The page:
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A first-of-its-kind census aims to give Ontario’s health system the data it needs to address diversity, equity and inclusion issues nurses face, and focus on areas requiring attention.
Between Tuesday, Feb. 13 and Thursday, Feb. 15, 2024, CNO is sending the Workforce Census to approximately 200,000 nurses in the province. We aim to better understand the composition and experiences of nurses in Ontario.
“The census is an opportunity for registered Ontario nurses to share their experience within the health care system,” said Brent Knowles, Director of Analytics and Planning. “It will also provide us with a baseline to track progress toward advancing more equitable and inclusive policies.”
One section of the census asks questions about nurses’ individual identities. CNO knows nurses have different experiences at work and with their regulator based on their identities. The data we collect will provide us with insights into how individual identity shapes experience.
The census offers nurses a variety of ways to self-identify. As well, we do not ask respondents to provide their name or registration number and their responses cannot be linked to them. “CNO is using the highest standards of confidentiality and privacy to conduct the Workforce Census,” added Knowles.
Other parts of the census focus on nursing practice and employment, and nurses’ experiences in the nursing system and with CNO.
“Results from the census will inform CNO’s equity activities and allows us to see where things are going well and where improvements could be made,” said Sandra Porteous, Director of Diversity, Equity and Inclusion at CNO. “Developing the Workforce Census is also an opportunity for CNO to learn whether an issue is isolated or systemic.”
Census developed with community partners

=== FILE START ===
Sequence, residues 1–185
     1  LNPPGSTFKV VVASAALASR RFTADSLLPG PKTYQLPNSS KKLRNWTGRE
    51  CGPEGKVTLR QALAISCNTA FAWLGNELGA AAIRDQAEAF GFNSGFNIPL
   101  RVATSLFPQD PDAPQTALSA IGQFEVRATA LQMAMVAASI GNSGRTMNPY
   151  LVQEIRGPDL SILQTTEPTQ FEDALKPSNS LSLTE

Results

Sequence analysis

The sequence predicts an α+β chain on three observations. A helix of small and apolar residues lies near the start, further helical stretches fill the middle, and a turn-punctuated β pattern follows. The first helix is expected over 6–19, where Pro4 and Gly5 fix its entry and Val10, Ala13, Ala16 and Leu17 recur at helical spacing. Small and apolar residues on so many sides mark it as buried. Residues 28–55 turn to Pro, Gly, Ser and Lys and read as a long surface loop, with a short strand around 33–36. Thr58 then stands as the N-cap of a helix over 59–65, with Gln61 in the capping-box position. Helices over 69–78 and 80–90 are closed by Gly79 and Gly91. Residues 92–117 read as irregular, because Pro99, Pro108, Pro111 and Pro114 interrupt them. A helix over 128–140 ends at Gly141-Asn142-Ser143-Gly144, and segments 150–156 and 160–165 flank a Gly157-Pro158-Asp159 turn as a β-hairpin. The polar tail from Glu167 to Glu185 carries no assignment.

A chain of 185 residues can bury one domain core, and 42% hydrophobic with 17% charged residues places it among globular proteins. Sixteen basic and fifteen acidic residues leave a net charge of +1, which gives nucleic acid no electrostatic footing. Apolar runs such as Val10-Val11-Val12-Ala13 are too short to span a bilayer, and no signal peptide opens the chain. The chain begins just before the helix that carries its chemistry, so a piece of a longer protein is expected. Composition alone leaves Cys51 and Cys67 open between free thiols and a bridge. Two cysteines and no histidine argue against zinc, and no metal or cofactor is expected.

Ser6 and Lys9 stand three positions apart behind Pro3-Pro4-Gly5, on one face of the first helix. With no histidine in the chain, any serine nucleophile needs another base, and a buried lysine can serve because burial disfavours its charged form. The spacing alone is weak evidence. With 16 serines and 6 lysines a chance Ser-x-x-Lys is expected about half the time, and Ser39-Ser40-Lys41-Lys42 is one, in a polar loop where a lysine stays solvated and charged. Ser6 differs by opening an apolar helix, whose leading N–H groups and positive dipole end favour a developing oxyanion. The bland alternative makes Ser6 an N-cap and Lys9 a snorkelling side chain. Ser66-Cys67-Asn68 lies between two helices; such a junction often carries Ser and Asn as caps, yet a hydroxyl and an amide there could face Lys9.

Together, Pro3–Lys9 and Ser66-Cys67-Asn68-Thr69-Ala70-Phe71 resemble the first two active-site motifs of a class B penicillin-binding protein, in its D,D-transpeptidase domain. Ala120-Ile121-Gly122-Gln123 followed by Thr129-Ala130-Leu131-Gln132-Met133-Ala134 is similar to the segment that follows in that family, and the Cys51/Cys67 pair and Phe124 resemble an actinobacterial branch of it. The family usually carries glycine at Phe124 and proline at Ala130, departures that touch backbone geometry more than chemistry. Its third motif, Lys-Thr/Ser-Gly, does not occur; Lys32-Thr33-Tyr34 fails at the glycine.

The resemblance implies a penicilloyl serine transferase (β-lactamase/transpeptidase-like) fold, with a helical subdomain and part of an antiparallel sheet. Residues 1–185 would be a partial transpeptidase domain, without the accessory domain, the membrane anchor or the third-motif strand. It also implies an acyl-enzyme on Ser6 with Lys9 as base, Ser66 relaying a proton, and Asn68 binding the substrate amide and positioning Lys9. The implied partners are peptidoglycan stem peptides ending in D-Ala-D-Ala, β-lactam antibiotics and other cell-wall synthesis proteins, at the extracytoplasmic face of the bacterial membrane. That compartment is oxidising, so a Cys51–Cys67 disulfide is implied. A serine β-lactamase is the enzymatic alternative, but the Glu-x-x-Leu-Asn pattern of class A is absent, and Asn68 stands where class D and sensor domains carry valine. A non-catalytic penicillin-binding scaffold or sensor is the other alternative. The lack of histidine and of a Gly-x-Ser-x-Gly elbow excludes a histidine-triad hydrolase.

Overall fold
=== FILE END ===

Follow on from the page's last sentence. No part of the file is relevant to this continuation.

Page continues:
To create the census, CNO collaborated with valuable partners. We developed the questions with community leaders and experts in diversity, equity and inclusion who specialize in collecting data in health systems.
CNO would like to thank the Black Nurses Task Force, Canadian Black Nurses Alliance, Pan-Canadian Association of Nurses of African Descent (Ontario Black Nurses Network and Canadian Black Nurses Network) and the Indigenous Primary Health Care Council for their support.
“It was very exciting for me to participate in developing the survey since I know it needs to be done,” said Dr. Angela Cooper Brathwaite, RN, MN, PhD, Co-Chair of the Registered Nurses’ Association of Ontario’s (RNAO’s) Black Nurses Task Force and Past-President of RNAO. “There is a great need for this kind of data to make changes to address racism, exclusion and lack of support in the system.”
CNO will use the results from the census to inform its diversity, equity and inclusion activities in the future. “The data will provide CNO and our system partners, including decision-makers in the health care system, with the information needed to improve nurses’ experience and patient safety,” explained Porteous.
“CNO taking this step is an example for other organizations,” added Cooper Brathwaite, who is also a Member of the Order of Canada, recipient of the Order of Ontario and Fellow of the American Academy of Nursing. “I am encouraged that CNO is collecting this information and sharing it with other organizations. Having this data will support changes and make a difference.”
For more information, visit www.cno.org/census.